“In particular, trolling Mattlocks, Grandmas, Jakes, and Believers in open water areas over deep cover between 10 a.m. and 7 p.m. are moving the most fish. At other times, cast spinnerbaits and topwaters over structure and drop-offs.
“Walleye size has gotten a tad better, with anglers reporting more legal fish. They are finding fish in deeper water during the day by drifting live bait or trolling shad style baits.
“Northern pike of all sizes remain active in weed beds, with many anglers catching them while fishing other species, and the pike hitting just about everything from crawlers to spinnerbaits.
“Callahan Lake largemouth bass are really aggressive in dense vegetation, hitting imitation frogs and to a lesser extent spinnerbaits.
“Crappie action definitely picked up on deep cribs, with crappie minnows working best.”
This week, DNR fisheries biologist Max Wolter discusses how to identify bowfin boys and bowfin girls!
“For most species of fish in northern Wisconsin, it is almost impossible to tell if the fish you just caught is a male or a female based on color, markings, or other identifying characteristics. However, for the bowfin – also known as dogfish – it is relatively easy.
“During spawning season, the belly and fins of the male turn an almost unbelievable fluorescent green. Male bowfin also have a distinct ‘eyespot’ near the tail that consists of a black spot often rimmed with bright orange.
“The eyespot is present on the male year-round and may serve several evolutionary functions. Eyespots have benefits for avoiding or misdirecting attacks from predators and since the male bowfin guards the young, the eyespot may serve to confuse potential brood predators.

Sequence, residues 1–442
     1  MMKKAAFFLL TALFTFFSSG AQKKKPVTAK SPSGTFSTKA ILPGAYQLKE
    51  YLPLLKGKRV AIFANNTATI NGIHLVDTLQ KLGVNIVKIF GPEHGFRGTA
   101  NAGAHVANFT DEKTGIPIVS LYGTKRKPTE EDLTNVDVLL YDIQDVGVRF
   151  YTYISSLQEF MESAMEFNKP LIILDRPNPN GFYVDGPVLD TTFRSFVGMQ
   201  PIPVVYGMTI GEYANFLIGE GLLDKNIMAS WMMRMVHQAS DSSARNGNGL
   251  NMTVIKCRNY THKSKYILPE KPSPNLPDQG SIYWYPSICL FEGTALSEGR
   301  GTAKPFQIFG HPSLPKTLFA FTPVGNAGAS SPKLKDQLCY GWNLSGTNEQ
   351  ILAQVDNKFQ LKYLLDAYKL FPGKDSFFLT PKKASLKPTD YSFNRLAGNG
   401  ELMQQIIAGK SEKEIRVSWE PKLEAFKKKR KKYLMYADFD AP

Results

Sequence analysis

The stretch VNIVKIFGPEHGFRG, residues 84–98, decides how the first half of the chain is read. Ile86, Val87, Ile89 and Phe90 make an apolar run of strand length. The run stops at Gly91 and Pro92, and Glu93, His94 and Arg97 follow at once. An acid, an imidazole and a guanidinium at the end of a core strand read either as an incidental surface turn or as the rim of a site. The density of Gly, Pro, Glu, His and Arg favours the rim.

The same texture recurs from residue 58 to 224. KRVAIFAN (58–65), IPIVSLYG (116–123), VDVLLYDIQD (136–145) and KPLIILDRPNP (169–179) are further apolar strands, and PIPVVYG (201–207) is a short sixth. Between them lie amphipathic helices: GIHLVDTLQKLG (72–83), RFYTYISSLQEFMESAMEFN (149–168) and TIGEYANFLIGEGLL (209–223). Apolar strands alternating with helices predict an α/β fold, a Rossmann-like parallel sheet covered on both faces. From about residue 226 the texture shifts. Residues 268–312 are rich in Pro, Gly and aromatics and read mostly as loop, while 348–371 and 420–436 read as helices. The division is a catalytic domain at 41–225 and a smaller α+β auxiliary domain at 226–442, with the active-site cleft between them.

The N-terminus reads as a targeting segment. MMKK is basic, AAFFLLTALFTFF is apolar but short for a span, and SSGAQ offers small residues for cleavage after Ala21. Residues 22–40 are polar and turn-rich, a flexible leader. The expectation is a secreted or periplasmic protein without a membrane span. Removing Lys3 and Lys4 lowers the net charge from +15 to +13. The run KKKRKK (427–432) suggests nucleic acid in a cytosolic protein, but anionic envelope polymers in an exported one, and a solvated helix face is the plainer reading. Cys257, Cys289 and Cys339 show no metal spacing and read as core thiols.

“Bowfin generally have a bad reputation in Wisconsin, though it may be undeserved. While bowfin are poor table fare, they do put up an excellent fight on rod and reel and can consistently reach 5-10 pounds and 30 inches in length in most waters where they are present.”
The Wisconsin Canoe Heritage Museum (WCHM) in Spooner is hosting the Upper Great Lakes Regional Canoe Assembly August 24-26. During a free open house August 24, UW-Extension natural resource educator John Haack will present “Wild Rice: The Food that Grows on Water.” Wild rice has provided nutritious food for humans in the Upper Midwest for the past 2,500 years and Haack’s presentation highlights wild rice growing, harvesting and processing, and the plant’s historical significance. The presentation begins at 7 p.m., with a pre-event social hour and a post-event question and equipment inspection opportunity. The assembly concludes Saturday, August 26, with an antique canoe and wooden boat show on the shores of Shell Lake. For more information, visit www.wisconsincanoeheritagemuseum.org or call (715) 635-2479.
Musky action is good, with early and late hours into dark producing the most success. Baits of choice include bucktails, Bull Dawgs, stickbaits, jerkbaits, crankbaits, gliders, and topwaters. Trolling many of those baits over deep cover in open water is also producing some good fish.